Amidst the widespread protests that had been taking place in Sudan since 2018, the country’s military suspended the government of President Omar al-Bashir, on Thursday. The end to Bashir’s long lasting rule also calls for stern emergency measures to overcome the existing and new challenges in the country.
Omar al-Bashir, who served as the seventh President of Sudan and ruled the country for 30 years, was summoned by the International Criminal Court (ICC) on charges related to atrocities committed in Darfur region.
Other reasons for mass protests that soared on April 6 were also an outcome of rising food prices and an economic crisis, which led to fuel and cash shortages. Police used force to disperse the demonstrators in front of Sudan’s army headquarters, in order to resolve the aggravated situation in the country.
During the protests, it came into notice that social-media platforms and phone signals around the military headquarters were jammed. On April 9, the UK, the US and Norway released a joint statement, reacting to the mass unrest in Sudan, which demanded a political change. On these grounds, Bashir was taken into custody on Thursday. Consequently, his government was dissolved and the constitution was suspended.
The end of Omar al-Bashir’s power was a big victory for the people. A young protester exclaimed, “We can’t wait to build the new Sudan with freedom, justice, and peace.”
However, their celebration quickly gave way to anger, when the country’s Defense Minister Ahmed Awad Ibn announced that the transitional military council would supervise a two-year transitional period until the elections. The protestors rejected the move calling it to be a “regime coup”.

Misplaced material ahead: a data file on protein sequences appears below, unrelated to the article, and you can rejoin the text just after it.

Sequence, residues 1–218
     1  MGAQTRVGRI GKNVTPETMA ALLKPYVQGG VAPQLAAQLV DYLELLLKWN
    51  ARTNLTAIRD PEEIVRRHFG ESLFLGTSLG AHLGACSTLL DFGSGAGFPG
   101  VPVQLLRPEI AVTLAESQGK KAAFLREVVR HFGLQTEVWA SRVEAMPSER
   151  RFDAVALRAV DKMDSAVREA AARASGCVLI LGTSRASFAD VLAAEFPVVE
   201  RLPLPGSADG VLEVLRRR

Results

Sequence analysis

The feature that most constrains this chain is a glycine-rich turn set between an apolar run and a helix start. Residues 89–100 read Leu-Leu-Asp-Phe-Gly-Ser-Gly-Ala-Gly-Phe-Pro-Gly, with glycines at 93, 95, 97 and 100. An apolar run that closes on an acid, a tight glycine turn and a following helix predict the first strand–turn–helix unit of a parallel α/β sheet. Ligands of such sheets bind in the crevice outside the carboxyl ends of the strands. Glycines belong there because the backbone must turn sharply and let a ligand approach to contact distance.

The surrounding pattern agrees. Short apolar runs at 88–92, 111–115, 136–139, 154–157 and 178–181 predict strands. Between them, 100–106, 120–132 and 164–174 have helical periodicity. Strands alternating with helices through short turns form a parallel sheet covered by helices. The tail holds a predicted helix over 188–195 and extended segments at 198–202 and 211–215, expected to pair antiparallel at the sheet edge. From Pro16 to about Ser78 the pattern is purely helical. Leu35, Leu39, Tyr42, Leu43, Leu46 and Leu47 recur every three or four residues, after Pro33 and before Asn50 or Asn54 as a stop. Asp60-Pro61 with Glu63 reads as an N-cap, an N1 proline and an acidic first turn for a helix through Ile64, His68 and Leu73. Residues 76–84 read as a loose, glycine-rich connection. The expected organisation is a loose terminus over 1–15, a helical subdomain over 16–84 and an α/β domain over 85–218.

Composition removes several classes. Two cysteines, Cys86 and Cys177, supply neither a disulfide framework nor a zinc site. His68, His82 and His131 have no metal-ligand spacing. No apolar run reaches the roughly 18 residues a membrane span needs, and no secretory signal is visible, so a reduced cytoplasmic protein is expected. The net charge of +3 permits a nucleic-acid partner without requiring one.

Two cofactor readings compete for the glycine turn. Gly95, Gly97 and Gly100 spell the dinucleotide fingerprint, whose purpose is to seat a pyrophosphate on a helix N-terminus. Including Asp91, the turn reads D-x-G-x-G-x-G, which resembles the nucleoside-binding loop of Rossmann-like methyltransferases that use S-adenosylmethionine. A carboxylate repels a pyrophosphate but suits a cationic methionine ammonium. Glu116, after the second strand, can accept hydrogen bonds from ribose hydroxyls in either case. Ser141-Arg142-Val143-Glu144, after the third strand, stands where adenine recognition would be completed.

Hassan Hajji Ali, a professor of political science at the University of Khartoum, said that the situation in northern Africa remained tense, as some demanded a civilian government whilst others were resilient with the military move.
The end to Bashir’s government was considered “historic for Sudan”. There is a need for a proper government that would resolve the public issues peacefully. In the wake of the current situation, Amnesty International Secretary General Kumi Naidoo commented, “Today’s events should also serve as a wake-up call to leaders around the world who think they can get away with denying people their basic rights. But while many Sudanese people will be delighted by the end of Bashir’s deeply repressive 30-year rule, we are alarmed by the raft of emergency measures announced today.”
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